The power of timely updates!

Automatic software updates work silently to protect your devices. Say goodbye to outdated software and embrace the power of the latest features, enhanced performance, and tightened security.

Hackers are always looking for vulnerabilities to exploit. Stay a step ahead by enabling automatic software updates. Think of them as an invisible shield that fortifies your devices against emerging risks. Stay safe, stay updated!

Learn more from the National Cybersecurity Alliance

#CybersecurityAwarenessMonth Tip

Cellphone installing updates

If you connect it, protect it. Outsmart cyber criminals by regularly updating your software.

If you install the latest updates for devices, software, and apps, not only are you getting the best security available, but you also ensure that you get access to the latest features and upgrades. However, you can only benefit if you update! Don’t fret, updating software is easy, and you can even make it automatic.   

Learn more from the National Cybersecurity Alliance

Cybersecurity Pro Tip

Screenshot of password entry field

Did you know the average person has over 100 passwords online? Here’s an easy pro tip: a Password Manager can do all the managing of strong, unique passwords for each account.

Password Managers 1. Save time 2. Suggest strong passwords and 3. Identify weak passwords.

Learn more from the National Cybersecurity Alliance

Don’t Get Hooked!

fishing hook piercing a paper with username and password entry

Phishing emails are like sneaky bait trying to reel you in. Learn how to spot them and report those fishy attempts to keep your inbox clean and your personal information safe.

Phishing is when criminals use fake emails, social media posts or direct messages with the goal of luring you to click on a bad link or download a malicious attachment. If you click on a phishing link or file, you can hand over your personal information to the cybercriminals. A phishing scheme can also install malware onto your device.  

No need to fear your inbox, though. Fortunately, it’s easy to avoid a scam email, but only once you know what to look for. With some knowledge, you can outsmart the phishers every day.

Learn more from the National Cybersecurity Alliance


Cybersecurity Tip: Report phishing

Laptop email program

Reporting a scam is your best line of defense against cyber incidents. Don’t hesitate to call out phishing attempts.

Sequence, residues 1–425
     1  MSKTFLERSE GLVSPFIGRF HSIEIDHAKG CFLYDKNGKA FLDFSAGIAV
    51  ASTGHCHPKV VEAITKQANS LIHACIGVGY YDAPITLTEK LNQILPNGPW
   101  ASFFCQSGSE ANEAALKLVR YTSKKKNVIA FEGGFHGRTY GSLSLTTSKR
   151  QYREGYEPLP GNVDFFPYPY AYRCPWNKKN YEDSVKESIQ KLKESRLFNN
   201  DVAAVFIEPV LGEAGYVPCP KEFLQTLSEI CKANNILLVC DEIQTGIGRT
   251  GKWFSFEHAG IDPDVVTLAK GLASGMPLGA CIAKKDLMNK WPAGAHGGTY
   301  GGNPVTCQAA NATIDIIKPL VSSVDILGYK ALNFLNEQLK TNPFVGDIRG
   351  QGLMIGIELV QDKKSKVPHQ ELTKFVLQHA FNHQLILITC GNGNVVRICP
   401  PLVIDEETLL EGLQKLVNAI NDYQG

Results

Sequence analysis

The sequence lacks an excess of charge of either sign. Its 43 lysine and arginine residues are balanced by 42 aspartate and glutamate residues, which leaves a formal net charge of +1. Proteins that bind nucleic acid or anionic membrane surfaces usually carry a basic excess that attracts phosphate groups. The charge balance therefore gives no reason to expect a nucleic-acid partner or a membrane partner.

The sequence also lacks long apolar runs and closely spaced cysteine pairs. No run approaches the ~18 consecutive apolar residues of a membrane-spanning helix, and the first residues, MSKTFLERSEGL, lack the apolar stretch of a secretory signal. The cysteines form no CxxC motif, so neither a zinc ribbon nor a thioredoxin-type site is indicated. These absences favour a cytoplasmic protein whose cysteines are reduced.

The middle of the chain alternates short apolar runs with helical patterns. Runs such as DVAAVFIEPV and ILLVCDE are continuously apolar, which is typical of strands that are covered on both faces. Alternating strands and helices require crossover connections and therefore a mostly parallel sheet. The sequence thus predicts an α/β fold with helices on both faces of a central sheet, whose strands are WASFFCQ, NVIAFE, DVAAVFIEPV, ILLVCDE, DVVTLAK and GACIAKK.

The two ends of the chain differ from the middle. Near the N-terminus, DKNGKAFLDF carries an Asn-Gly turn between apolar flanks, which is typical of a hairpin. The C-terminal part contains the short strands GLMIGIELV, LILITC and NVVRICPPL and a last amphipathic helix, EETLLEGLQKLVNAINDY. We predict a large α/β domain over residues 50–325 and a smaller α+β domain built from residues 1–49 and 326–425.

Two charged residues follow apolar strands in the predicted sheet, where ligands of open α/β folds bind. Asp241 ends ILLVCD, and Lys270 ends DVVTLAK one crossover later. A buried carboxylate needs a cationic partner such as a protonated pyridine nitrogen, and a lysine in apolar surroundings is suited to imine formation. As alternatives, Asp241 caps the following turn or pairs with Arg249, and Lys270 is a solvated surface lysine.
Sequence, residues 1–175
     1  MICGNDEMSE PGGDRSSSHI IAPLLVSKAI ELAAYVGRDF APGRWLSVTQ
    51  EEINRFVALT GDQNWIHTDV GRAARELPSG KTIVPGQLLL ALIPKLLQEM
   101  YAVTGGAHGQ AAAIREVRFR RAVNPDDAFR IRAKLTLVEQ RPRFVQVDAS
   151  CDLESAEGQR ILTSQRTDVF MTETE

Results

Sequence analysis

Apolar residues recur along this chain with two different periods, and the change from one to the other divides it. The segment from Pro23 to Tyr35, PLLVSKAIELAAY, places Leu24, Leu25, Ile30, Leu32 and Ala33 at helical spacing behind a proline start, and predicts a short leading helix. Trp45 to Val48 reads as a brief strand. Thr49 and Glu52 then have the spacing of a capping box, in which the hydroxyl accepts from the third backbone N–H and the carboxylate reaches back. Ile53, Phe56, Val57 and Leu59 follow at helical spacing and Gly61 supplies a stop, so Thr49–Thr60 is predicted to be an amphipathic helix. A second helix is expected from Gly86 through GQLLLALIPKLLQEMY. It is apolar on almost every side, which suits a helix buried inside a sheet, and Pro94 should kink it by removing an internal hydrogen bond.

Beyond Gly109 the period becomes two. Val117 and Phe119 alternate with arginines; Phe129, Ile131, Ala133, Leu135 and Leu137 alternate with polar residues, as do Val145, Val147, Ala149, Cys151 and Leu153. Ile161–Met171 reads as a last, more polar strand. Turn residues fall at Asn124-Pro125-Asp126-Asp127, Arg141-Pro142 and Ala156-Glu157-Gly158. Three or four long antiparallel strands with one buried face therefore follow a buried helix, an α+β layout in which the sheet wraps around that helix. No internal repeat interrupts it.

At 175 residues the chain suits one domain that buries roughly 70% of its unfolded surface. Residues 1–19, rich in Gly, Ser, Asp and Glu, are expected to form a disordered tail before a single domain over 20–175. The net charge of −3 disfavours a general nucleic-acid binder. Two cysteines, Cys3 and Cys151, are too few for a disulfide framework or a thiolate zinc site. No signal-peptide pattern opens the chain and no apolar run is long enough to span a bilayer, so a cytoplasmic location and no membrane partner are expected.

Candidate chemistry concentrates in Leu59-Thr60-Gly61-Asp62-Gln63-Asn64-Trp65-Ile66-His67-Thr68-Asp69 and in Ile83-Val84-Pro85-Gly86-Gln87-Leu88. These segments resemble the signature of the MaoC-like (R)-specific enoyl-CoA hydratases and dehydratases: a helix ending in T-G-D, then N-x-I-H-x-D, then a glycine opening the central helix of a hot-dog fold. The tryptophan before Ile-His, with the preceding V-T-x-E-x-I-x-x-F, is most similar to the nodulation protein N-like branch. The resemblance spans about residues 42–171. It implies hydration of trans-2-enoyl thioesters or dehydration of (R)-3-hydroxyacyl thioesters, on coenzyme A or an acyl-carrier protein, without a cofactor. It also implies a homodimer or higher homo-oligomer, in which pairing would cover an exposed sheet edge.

One of the best ways to take down cybercriminals is by reporting phishing attempts, and nowadays its easier than ever. If the email came to your K email address, report it to the Help Desk as quickly as possible. If you’re at home and the email came to your personal email address, do not click on any links (even the unsubscribe link) or reply back to the email. Most email programs and social media platforms allow you to report phishing attempts. But don’t keep that phishing message around – delete it ASAP. You can further protect yourself by blocking the sender from your email program, social media platform or phone. 

Learn more from the National Cybersecurity Alliance


October is Cybersecurity Awareness Month

Make it harder for cybercriminals to access your account by enabling multi-factor authentication.

What is multi-factor authentication? 

Multi-factor authentication is sometimes called two-factor authentication or two-step verification, and it is often abbreviated to MFA. No matter what you call it, multi-factor authentication is a cybersecurity measure for an account that requires anyone logging in to prove their identity multiple ways. Typically, you will enter your username, password, and then prove your identity some other way, like with a fingerprint or by responding to a text message.  

Learn more from the National Cybersecurity Alliance

Illustration of 2-factor authentication


Cybersecurity Awareness Month – Phishing

This week’s post for Cybersecurity Awareness Month covers Phishing.

What is Phishing?

According to the National Cybersecurity Alliance, phishing is “a form of social engineering by which cyber criminals attempt to trick individuals by creating and sending fake emails that appear to be from an authentic source, such as a business or colleague.” Some phishing tactics used by criminals include:

  • Forging a message from a financial institution, claiming you’ve been a victim of fraud
  • Impersonating a supervisor, asking for help with a task
  • Claiming to be a delivery company, alerting you to a problem with a package

When you see these sorts of messages, it’s important to be vigilant.

How do I know if the message is fake?

Some red flags include:

  • Email structure
    • The sending email address doesn’t match the company it’s coming from
    • Poorly-crafted writing with misspellings, and bad grammar
    • Greetings that are ambiguous or very generic
    • Language that’s urgent, alarming, or threatening
  • Requests
    • Strange or abrupt business requests
    • Requests to send personal information
    • Urgency to click on an unfamiliar hyperlink or attachment
  • Offers
    • Contains an offer that’s too good to be true

See a Phishing Email? Here’s what to do…

  1. Pat yourself on the back for recognizing that an email is fake and part of a phishing scam.
  2. Report the phishing message through Outlook by selecting the Junk option in the top ribbon and then Report as Phishing option. If you’re using the web version of Outlook, simply right click on the preview of the phishing email, hover over Report and select Report Phishing.
  3. Not sure? Ask the Help Desk!

Suggested Articles from your IS Team

The content on this page was adapted from the National Cybersecurity Alliance’s information on phishing.

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